This month marks the publication of The Change: My Great American, Postindustrial, Midlife Crisis Tour by Lori Soderlind. In this week’s guest post, Lori reflects on journeys, crisis, and connection.
My mission for the road trip that became my book The
Change was to visit the most depressing, god-forsaken, ruined little places
I could find on a loop through this country and try to get to know them. It
couldn’t get hard enough for me: guns, drug addiction, unemployment, mean dogs,
religious zealotry, isolation, family tragedy, untreated mental illness, fouled
drinking water, industrial waste, unresolved race wars, labor wars, civil war,
merciless tornados, abandonment, crop failure, deindustrialization: bring it.
All of it.
I wanted to look it in the face and take it in.
Everywhere on the map, there it was: cities large and small
and innumerable towns that had lost the energy they’d grown up from, and that now
presented an inventory of pain in a country that had changed and did not
understand why, and was suffering for these changes. I lived in New York City,
where the view of the other 320 million people in this country can be very
narrow, sadly. But I have traveled through the country with curiosity all my
life and I loved exploring it, and I had become aware in the past decade of a
real gloom out where I’d always wandered carelessly, and I wanted to know what
had changed. Much of the visible evidence of the change was its ruins. All the
old factories that cities grew up around, gutted; all the downtowns that had given
places their identities now swallowed by sprawl or just plain abandoned. I
wondered why all that could have happened and how it felt to see that pain, if
you lived there, every day.
Much of the change had to do with a huge shift out of the
American industrial age, and the loss of manufacturing. One example:
Gloversville, New York, had been a great, bustling place back when it made
gloves for the world; now, go there and you’ll find all the social ills you can
name without encountering a single scrap of leather or a sewing machine. Change
has come to American places through countless other evolutions: the rise of the
interstate highway system, the decline of family farms, the advent of malls, the
new cyber economy. What the changed places had in common was the grief they
felt for what they’d lost. Once, each place existed for some reason that was an
established reality, just like, once, newspapers were an established reality or
train travel was an established reality or my cousin’s first marriage was an
established reality. Change had come and so much established reality had been
upended and people and places were grieving what was lost, as if it were all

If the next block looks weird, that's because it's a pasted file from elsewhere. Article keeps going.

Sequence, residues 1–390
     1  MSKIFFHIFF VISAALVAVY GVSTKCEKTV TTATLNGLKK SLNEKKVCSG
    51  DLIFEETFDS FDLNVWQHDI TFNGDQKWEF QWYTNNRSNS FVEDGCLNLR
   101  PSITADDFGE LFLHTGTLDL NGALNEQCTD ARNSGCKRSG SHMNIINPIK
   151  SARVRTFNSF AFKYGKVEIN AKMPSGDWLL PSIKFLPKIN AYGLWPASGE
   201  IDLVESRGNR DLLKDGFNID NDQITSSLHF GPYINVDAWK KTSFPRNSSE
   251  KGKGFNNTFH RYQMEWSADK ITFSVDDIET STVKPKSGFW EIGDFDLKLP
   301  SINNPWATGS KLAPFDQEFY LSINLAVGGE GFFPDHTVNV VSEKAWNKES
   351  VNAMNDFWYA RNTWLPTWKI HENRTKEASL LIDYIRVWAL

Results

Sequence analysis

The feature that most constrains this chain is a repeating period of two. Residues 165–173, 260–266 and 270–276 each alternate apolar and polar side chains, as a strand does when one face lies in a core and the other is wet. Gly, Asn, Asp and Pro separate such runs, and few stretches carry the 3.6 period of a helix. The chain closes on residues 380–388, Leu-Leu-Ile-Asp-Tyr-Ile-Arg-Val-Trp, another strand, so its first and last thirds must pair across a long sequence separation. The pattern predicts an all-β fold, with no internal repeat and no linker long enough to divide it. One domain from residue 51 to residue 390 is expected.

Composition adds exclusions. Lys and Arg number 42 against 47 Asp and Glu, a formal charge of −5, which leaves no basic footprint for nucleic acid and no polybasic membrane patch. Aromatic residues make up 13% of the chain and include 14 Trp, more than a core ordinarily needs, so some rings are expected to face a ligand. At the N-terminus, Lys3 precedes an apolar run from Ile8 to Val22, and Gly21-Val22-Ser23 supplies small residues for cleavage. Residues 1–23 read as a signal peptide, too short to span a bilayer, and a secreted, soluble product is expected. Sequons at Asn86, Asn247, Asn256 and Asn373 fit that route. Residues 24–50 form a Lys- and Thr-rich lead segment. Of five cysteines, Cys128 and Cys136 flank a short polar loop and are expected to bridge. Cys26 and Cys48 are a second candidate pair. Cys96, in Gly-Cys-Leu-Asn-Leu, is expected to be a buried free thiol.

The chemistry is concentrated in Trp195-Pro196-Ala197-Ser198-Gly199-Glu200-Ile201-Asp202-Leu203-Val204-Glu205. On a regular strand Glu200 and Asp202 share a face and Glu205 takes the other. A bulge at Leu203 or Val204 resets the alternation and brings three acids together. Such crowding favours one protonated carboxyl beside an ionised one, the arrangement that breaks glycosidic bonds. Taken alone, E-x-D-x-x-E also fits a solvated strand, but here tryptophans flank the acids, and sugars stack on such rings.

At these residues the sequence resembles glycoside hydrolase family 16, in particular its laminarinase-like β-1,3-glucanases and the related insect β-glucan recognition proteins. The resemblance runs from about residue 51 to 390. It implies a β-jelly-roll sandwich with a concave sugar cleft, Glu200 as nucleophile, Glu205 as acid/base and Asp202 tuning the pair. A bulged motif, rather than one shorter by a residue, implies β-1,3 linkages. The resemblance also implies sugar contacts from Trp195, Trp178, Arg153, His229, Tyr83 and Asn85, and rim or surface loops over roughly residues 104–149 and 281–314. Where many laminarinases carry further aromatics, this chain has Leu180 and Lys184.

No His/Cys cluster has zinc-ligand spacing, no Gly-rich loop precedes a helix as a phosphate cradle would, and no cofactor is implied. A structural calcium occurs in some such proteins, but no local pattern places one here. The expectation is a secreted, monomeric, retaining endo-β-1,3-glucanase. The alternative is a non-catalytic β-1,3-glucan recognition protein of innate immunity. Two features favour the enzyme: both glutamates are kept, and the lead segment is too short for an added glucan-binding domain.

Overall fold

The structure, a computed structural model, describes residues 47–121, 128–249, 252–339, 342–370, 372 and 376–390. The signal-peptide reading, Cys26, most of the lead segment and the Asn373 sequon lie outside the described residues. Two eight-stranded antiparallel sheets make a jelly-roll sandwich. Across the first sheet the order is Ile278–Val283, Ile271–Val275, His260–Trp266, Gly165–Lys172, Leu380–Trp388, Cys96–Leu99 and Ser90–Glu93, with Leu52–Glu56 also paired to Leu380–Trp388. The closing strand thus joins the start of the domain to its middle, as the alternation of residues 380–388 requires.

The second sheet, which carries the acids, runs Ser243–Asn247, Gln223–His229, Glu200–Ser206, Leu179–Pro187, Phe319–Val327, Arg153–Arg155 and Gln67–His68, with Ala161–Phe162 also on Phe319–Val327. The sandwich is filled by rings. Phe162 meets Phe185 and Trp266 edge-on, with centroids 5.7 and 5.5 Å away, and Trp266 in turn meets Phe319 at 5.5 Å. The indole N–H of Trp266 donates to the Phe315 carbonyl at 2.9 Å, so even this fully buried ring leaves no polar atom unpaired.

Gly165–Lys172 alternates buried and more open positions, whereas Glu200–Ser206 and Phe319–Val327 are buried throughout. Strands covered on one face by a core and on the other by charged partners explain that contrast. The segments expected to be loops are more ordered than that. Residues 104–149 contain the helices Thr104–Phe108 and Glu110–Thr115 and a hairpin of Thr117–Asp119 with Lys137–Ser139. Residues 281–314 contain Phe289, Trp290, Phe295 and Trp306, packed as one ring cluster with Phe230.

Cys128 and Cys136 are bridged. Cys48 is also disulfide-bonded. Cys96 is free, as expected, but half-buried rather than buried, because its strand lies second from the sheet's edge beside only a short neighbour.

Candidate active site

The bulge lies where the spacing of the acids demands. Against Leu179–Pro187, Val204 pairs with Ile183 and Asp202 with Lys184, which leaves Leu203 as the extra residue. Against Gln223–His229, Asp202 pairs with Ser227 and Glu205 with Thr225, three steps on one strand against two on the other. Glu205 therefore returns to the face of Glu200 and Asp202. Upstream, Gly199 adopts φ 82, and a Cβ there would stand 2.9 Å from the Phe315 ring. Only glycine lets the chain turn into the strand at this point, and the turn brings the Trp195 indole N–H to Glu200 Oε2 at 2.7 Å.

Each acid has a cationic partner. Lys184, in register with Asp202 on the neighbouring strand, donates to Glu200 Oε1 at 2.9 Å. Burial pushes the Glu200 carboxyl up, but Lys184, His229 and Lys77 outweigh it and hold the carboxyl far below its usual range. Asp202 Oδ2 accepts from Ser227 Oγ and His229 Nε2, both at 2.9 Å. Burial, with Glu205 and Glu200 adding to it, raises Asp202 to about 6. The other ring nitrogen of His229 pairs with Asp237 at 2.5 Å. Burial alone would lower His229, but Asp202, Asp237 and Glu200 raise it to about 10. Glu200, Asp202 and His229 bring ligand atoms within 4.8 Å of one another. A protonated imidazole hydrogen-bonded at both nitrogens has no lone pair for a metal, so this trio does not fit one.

meant to last.
The Change has been released, now, in the midst of
the global Covid-19 pandemic that has us aghast at how helpless we humans are,
truly. We like reality to be a manageable and predictable thing, but we are
reminded always—and now profoundly—that the living world is not so easily
tamed. We of the country long regarded as exceptional, who felt all through the
past century so breezily powerful: we hit full stop and faced daily the feeling
of powerlessness. Nine weeks of quarantine as I write this, and we are, many of
us, on our knees in a new posture that feels permanent, though this too will
change. My city—New York City—has been hit worst of all, and is suffering.
Our fear is much deeper than a fear of getting sick, of death by virus. We fear
the collapse of systems we are utterly dependent on. We fear, in the midst of
this unparalleled helplessness, that nothing of what we once knew and counted
on will ever be the same. We see how vulnerable these structures we have built
may truly be, and we are grieving before our house is even gone—because we are shocked
to believe that all we have built really could fall down around us. That is how
shaken we are, in New York City, in May of the year of Covid-19.
As I write this, a storm has taken the power out and I am
alone in the dark in my house; lately, any respite from this sense of plunging
into darkness is brief. We are shaken, but only as shaken as others in our
country have been for a long, long time now. We are as shaken as a small
steel-making town south of Pittsburgh where none of the kids pass standardized
tests, and all of the storefronts are empty. We are as shaken as a broken
mining town, or a rural desert. We know the country is divided, but to really know
the sides is to measure their pain: Some have not worked in years, some lost their
homes long ago, and then, too, some are simply Black in America. Others,
meanwhile, have felt oddly invulnerable, and believed their fortune to be the
norm. From where I sit today, it seems we are all, at once, saying foxhole
prayers and hoping simply to survive.
It could be really good for us. It’s good to know this fear
deeply, and to understand that our longing to survive is what, at core,
connects us. It is basic, and human. If we can know that connection to each
other, and see all of ourselves as beings trying to survive, we will have changed.
Not all of us, but enough of us will change. We’ll know what it is to watch the promises we’d built our lives on collapse, or to fear that they will and to hate this fear. We will know that really, such promises don’t exist. We have only ourselves, which is to say, each other. The same. The one thing we should learn to count on.
Lori Soderlind is an award-winning essayist and journalist, and author of the memoir Chasing Montana: A Love Story.